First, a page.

Plans for Reconstruction
As the Civil War came to a close, it became obvious that there would be some difficulty in rejoining the South to the North. Tensions were still high, damage had been inflicted upon Southern lands, and the question of a national identity hung in the air. A plan for Reconstruction,the time period after the Civil War that was marked by a sense of rebuilding, was desperately needed.
Three different proposals were considered: President Lincoln’s, Vice President Andrew Johnson’s, and then the Radical Republican Plan. President Lincoln began formulating a reconstructive plan back in 1863, nearly two years before the Civil War ended. He first proposed his 10% Plan that year, which stated that when it came to a Southern state that had seceded, if 10% of the people who voted in the 1860 election voted to re-enter the Union and accepted Emancipation, they could come back into the Union. He saw this as a loyalty oath, and was sure to promise that any Confederate would receive a pardon. High Confederate officials and military leaders, however, would be excluded from this process.
Wade-Davis Bill of 1864, written by Senator Benjamin Wade of Ohio and Representative Henry Winter Davis from Maryland. As part of this proposal, at least 50% of the eligible voting population would have to take an oath of loyalty to the Union. Each state would also be required to abolish slavery to be considered for readmittance, and the new state government would not be able to feature any Confederate officials in any seats.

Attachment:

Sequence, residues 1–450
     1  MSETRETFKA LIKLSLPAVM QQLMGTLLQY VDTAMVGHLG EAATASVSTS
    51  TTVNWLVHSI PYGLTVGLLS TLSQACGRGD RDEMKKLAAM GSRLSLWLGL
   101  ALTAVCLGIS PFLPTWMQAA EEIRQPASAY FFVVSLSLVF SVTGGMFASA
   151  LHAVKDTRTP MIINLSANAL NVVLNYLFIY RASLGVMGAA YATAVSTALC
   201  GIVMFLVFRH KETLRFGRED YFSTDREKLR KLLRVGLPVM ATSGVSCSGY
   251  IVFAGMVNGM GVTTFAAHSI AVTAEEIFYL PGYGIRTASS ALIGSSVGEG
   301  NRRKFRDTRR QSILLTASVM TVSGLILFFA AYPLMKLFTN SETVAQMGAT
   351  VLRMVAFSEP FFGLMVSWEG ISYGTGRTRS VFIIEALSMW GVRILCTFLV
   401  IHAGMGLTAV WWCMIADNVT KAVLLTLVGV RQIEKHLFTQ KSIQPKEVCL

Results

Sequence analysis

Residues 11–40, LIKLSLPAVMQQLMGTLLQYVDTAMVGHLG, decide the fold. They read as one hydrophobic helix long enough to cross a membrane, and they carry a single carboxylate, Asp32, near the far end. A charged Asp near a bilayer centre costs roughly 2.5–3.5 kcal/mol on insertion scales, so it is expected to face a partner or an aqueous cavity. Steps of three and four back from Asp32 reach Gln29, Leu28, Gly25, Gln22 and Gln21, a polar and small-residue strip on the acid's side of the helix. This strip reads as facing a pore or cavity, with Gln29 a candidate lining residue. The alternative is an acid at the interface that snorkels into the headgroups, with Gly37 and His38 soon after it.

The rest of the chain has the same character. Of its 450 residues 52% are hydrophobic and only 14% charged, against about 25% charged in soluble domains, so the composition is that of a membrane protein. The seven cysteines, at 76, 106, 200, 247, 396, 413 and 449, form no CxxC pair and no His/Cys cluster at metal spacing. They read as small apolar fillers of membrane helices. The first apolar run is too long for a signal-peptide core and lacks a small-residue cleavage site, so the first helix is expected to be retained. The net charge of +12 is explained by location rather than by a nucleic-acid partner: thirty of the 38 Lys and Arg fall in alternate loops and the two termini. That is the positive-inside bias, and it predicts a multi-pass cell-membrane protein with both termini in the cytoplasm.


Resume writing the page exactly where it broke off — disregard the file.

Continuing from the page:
Lincoln’s Vice President, Andrew Johnson, had a somewhat different plan in mind. Johnson became president immediately after Lincoln was assassinated, and therefore had to continue his predecessor’s plan of action. Although Johnson was in favor of pardoning anyone who took the loyalty oath to the Union, he was not in favor of pardoning any high officials or wealthy farmers owning property valued at $20,000. What’s more, he wanted every state to not only abolish slavery, but repeal secession before they could be readmitted into the Union. Some states did not follow these directives, such as Mississippi, but by December of 1865, President Johnson officially declared that the Union had been restored.